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Not only are the EMSAs easier, because you don't have to radioactively label anything, but also the Western blots can be saved for years because there is no chemiluminescence that is decreasing after thirty minutes.

Dr. Andreas von Knethen
Postdoctoral Fellow in the Institute of Biochemistry
Johann Wolfgang Goethe-University in Frankfurt, Germany

Dr. Andreas von Knethen

Dr. Andreas von Knethen is a Postdoctoral Fellow in the Institute of Biochemistry at Johann Wolfgang Goethe-University in Frankfurt, Germany. His research focuses on immune paralysis, tumor biology, inflammation, and hypoxia.

One of the main focuses in Dr von Knethen's lab is apoptosis of T cells. "In sepsis, you have two phases.The first one is the hyper-inflammatory phase, which is characterized by the release of pro-inflammatory cytokines and other pro-inflammatory markers. The second is the hypoinflammatory phase. This phase is also called immune paralysis because the immune-competent cells are decreased or inactivated and then the body is not able to answer adequately to a second or new infection. Mechanisms leading to immune paralysis during sepsis are associated with T cell apoptosis, and lead to depletion of T cells."

Near-Infrared Fluorescence Technology for Consistent and Dependable Analysis

Dr von Knethen's group uses the LI‑COR Odyssey® to analyze PPAR, a transcription factor responsible for T cell apoptosis during sepsis. Fluorescent electrophoretic mobility shift assays (EMSA) are used to examine binding of PPAR to DNA. The oligonucleotides are fluorescently labeled with IRDye® 700 or IRDye 800, which makes the assays "much more easy. You just run the gel and put it onto the Odyssey, and you can see the DNA binding of the proteins. You don't need to dry the gel and there is no radioactivity."

You can use the red and green colors together to see the total amount of protein and the phosphorylation, to analyze both of them on the same blot.

Quantitative Western blots are also useful. Dr. von Knethen uses the Odyssey to analyze protein phosphorylation with two-color Westerns. "You can use the red and green colors together to see the total amount of protein and the phosphorylation, to analyze both of them on the same blot." For gene knockdown studies, he uses Odyssey Westerns to monitor protein levels. He considers it very important to confirm knockdown at the protein level. "You have to do the Western blot just to prove that the protein is really gone, and not only the mRNA is down-regulated."

He feels that the Odyssey makes things easier in the lab. "Not only are the EMSAs easier, because you don't have to radioactively label anything, but also the Western blots can be saved for years because there is no chemiluminescence that is decreasing after thirty minutes."

We thank Dr von Knethen for his contributions in bio-medical research, and are proud to consider him an Odyssey Expert.

For more information about Dr. von Knethen's research, visit Patho Biochemistry.

Publications

Publications resulting from work on the Odyssey

  1. von Knethen A, Neb H, Morbitzer V, Schmidt MV, Kuhn AM, Kuchler L, Brüne B. (2011) PPARgamma stabilizes HO-1 mRNA in monocytes/ macrophages which affects IFN-beta expression. Free Rad Biol Med, 51:396-405.
  2. Kuhn AM, Tzieply N, Schmidt MV, von Knethen A, Namgaladze D, Yamamoto M, Brüne B. (2011) Antioxidant signaling via Nrf2 counteracts lipopolysaccharide-mediated inflammatory responses in foam cell macrophages. Free Rad Biol Med, 50:1382-1391.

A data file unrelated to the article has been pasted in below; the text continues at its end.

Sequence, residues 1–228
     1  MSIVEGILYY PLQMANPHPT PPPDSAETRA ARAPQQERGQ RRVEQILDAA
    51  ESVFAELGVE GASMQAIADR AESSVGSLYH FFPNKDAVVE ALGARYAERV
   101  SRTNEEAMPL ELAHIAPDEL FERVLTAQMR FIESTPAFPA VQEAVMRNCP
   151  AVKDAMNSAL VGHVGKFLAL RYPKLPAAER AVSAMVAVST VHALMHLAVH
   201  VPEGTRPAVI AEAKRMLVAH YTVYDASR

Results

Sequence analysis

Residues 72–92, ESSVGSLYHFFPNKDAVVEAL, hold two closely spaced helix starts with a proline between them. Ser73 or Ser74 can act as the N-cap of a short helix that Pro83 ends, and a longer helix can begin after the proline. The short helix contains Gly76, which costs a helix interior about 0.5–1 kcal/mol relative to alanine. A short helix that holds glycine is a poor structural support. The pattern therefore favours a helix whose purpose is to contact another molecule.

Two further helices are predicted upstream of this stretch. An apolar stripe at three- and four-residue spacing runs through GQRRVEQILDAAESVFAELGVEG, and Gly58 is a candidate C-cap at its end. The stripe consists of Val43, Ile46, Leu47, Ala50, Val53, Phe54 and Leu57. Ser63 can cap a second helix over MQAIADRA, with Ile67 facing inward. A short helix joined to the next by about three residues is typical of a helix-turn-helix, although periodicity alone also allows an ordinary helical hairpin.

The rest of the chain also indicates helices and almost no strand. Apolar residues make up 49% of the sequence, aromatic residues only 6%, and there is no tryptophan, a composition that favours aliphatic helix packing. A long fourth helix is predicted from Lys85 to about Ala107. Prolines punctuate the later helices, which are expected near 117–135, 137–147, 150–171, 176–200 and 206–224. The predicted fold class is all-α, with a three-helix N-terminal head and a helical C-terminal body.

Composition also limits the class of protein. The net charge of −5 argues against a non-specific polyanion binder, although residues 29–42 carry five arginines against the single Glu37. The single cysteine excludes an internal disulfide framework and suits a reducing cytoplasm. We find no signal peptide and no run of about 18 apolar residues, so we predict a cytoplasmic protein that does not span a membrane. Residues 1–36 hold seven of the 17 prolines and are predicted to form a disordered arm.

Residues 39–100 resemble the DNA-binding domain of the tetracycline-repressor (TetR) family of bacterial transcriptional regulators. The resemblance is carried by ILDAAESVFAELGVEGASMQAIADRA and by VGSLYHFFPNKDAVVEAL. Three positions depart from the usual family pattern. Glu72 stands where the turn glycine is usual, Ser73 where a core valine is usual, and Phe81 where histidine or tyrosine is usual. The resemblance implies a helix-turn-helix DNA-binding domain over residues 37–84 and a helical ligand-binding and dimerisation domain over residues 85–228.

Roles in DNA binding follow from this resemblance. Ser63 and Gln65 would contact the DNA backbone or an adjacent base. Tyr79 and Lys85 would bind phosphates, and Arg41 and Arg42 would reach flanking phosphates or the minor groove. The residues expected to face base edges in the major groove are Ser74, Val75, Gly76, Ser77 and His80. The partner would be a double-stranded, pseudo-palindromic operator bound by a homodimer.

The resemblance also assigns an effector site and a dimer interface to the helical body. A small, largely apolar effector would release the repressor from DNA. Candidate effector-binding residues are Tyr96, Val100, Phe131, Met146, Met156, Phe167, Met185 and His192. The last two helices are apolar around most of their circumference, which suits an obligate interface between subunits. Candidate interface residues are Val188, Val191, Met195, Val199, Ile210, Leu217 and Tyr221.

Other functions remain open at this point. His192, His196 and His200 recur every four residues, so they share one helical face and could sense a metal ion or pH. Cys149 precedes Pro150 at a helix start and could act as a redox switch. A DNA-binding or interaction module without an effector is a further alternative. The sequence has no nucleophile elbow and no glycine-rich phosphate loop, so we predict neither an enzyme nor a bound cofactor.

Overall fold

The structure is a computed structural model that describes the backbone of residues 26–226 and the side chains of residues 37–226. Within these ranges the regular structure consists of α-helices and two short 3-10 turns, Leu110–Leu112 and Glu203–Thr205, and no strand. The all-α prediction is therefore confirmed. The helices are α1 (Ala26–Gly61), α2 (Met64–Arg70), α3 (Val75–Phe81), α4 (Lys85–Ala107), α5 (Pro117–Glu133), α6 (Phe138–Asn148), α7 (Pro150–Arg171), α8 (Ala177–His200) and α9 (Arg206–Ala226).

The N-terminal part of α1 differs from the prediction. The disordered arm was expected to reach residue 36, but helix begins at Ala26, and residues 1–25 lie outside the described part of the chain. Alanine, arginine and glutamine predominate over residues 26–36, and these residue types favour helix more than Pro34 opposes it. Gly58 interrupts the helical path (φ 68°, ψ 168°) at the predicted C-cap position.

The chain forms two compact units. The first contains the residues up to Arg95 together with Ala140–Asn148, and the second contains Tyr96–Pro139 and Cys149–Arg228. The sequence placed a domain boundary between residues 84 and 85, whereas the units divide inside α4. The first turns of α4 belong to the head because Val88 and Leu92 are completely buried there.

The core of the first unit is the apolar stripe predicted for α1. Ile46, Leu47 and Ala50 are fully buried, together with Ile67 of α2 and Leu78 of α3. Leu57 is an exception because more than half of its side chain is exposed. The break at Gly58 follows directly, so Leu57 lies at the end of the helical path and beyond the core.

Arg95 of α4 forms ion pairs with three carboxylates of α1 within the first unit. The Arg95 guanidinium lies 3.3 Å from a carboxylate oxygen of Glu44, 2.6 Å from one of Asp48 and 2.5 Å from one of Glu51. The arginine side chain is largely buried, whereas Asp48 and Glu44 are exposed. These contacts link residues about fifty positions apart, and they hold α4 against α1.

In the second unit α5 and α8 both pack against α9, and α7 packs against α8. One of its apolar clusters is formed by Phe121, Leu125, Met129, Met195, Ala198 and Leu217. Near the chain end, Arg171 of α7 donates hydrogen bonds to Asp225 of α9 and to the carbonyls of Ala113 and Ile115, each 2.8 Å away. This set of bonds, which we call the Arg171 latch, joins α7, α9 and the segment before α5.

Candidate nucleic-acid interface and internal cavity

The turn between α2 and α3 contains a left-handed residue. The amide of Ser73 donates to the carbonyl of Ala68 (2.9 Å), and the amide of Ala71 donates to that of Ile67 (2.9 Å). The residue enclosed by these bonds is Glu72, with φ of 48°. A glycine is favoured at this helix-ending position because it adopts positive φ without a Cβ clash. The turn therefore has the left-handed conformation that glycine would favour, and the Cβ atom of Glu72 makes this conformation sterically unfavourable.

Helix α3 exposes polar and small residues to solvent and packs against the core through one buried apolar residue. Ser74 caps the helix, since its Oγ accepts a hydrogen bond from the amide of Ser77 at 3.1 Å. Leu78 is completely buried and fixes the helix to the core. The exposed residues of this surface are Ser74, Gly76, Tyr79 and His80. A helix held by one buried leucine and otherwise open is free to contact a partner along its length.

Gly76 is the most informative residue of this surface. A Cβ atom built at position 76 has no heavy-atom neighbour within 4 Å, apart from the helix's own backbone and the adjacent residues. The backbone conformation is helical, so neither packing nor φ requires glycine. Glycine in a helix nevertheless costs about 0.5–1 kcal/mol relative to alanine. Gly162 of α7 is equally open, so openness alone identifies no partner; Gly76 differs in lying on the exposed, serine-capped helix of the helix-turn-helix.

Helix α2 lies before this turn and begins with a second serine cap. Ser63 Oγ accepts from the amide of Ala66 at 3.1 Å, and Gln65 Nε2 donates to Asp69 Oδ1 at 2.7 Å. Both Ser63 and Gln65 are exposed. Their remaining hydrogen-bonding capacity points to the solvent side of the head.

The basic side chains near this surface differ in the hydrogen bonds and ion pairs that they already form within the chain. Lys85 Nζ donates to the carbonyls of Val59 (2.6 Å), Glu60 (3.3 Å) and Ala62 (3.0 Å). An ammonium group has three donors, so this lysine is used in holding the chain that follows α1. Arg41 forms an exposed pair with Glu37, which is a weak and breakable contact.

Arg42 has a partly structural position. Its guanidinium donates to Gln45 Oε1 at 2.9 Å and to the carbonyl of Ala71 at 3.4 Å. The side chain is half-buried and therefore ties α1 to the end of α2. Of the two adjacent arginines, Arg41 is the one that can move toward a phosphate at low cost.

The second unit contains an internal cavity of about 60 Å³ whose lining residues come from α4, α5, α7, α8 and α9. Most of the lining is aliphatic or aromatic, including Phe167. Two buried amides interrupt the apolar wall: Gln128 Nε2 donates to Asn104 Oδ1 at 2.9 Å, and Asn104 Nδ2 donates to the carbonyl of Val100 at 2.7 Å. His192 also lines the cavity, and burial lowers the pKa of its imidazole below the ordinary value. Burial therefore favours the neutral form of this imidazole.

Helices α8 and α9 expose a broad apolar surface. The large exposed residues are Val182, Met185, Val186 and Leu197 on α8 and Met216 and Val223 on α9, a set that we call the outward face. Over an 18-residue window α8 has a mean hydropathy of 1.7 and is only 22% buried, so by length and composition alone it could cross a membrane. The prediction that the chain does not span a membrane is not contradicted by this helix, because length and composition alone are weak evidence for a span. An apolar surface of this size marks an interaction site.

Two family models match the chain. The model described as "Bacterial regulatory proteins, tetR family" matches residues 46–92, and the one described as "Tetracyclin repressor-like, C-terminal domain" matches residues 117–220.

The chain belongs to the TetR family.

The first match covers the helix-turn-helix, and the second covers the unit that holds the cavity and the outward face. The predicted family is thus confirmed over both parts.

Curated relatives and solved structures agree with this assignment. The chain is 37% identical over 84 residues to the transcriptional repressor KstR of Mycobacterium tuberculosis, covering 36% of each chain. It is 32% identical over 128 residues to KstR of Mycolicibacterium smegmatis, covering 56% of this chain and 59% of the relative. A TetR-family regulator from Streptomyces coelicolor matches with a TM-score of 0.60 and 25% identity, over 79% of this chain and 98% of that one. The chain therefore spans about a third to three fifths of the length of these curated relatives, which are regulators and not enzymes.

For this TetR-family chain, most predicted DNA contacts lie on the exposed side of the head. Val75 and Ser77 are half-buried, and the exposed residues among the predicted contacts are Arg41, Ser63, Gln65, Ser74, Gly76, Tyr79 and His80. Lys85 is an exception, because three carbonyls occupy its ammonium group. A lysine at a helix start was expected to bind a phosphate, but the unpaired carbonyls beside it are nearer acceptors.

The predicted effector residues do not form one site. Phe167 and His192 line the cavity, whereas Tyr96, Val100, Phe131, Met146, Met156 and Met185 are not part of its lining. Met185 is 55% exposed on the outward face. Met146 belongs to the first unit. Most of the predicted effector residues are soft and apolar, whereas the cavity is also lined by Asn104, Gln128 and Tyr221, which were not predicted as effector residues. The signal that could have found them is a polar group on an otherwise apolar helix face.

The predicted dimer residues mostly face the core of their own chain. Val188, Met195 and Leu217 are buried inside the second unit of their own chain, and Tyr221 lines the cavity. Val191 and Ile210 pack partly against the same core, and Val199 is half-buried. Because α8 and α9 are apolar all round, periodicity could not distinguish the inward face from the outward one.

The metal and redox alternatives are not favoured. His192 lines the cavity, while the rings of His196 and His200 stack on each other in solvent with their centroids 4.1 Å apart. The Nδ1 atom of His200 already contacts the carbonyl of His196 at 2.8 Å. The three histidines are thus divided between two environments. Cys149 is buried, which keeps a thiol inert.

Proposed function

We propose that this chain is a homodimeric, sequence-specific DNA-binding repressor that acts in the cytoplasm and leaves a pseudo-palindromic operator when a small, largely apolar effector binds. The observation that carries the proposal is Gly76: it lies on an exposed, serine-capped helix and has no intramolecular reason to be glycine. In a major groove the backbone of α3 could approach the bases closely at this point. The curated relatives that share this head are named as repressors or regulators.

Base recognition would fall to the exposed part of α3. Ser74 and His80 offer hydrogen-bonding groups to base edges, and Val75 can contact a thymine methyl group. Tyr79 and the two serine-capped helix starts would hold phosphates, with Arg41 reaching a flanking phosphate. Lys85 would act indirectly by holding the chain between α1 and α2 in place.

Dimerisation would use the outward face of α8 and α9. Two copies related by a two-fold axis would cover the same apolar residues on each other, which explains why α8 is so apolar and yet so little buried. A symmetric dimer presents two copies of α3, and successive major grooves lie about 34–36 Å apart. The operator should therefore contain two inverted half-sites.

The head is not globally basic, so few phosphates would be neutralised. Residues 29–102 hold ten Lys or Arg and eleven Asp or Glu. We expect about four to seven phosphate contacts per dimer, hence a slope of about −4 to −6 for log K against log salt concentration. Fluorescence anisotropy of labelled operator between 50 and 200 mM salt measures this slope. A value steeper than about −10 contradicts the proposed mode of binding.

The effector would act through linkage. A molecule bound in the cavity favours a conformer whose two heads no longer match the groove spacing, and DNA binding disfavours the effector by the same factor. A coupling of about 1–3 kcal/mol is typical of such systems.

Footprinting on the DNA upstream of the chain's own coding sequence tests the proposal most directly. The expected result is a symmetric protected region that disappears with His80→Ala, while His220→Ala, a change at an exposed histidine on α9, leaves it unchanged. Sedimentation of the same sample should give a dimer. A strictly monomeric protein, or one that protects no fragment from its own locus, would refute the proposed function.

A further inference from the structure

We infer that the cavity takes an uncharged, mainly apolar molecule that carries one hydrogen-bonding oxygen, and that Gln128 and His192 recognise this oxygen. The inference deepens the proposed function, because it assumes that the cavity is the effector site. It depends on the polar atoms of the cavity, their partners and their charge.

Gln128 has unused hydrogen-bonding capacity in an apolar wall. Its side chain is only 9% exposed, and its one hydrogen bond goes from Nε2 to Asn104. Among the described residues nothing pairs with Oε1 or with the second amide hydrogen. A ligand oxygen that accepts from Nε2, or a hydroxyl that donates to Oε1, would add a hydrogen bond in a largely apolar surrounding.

3. Schmidt MV, Paulus P, Kuhn AM, Weigert A, Morbitzer V, Zacharowski K, Kempf V, Brüne B, von Knethen A. (2011) PPARgamma- inducedT-cell apoptosis reduces survival during polymicrobial sepsis. Am J Res Crit Care Med, 184:64-74.
  4. Barra V, Kuhn AM, von Knethen A, Weigert A, Brüne B. (2011) Apoptotic cell-derived factors induce arginase II expression in murine macrophages by activating ERK5/CREB. Cell Mol Life Sci, 68:1815-1817.
  5. Weigert A, Cremer S, Schmidt MV, vvon Knethen A, Angioni C, Geisslinger G, Brüne B (2010) Cleavage of sphingosine kinase 2 by caspase-1 provokes its release from apoptotic cells. Blood, 115:3531-3540.
  6. Jennewein C, von Knethen A, Schmid T, Brüne B (2010) MicroRNA-27b contributes to lipopolysaccharide-mediated peroxisome proliferator-activated receptor gamma (PPARgamma) mRNA de-stabilization. J Biol Chem, 285:11846-11853.
  7. Namgaladze D, Morbitzer D, von Knethen A, Brüne B (2010) Phospholipase A2-modified low-density lipoprotein activates mac- rophages peroxisome proliferators-activated receptors. Arterioscler Thromb Vasc Biol, 30:313-320.
  8. von Knethen A, Tzieply N, Jennewein C, Brüne B (2010) Casein kinase-II-dependent phosphorylation of PPARgamma at Ser16 and Ser21 provokes CRM1-mediated shuttling of PPARgamma from the nucleus to the cytosol. J Cell Sci, 163:192-201.
  9. Namgaladze D, Jennewein C, Preiss S, von Knethen A, Brüne B (2009) Attenuated suppression of the oxidative burst by cells dying in the presence of oxidized low density lipoprotein. J Lipid Res, 50:2173-81.
  10. Weis N, Weigert A, von Knethen A, Brüne B (2009) Heme oxygenase-1 contributes to an alternative macrophage activation profile induced by apoptotic cell supernatants. Mol Biol Cell, 20:1280-8.
  11. Jennewein C, Kuhn AM, Schmidt MV, Meilladec-Jullig V, von Knethen A, Gonzalez FJ, Brüne B (2008) Sumoylation of PPAR- gamma by apoptotic cells prevents LPS-induced NCoR removal from kappaB binding sites mediating transrepression of pro- inflammatory cytokines. J Immunol, 181:5646-52.
  12. von Knethen A, Soller M,Tzieply N, Weigert A, Johann AM, Köhl R, Brüne B (2007) PPARgamma attenuates cytosol to mem- brane translocation of PKCalpha to desensitize monocytes/ macrophages. J Cell Biol, 176:681-694.


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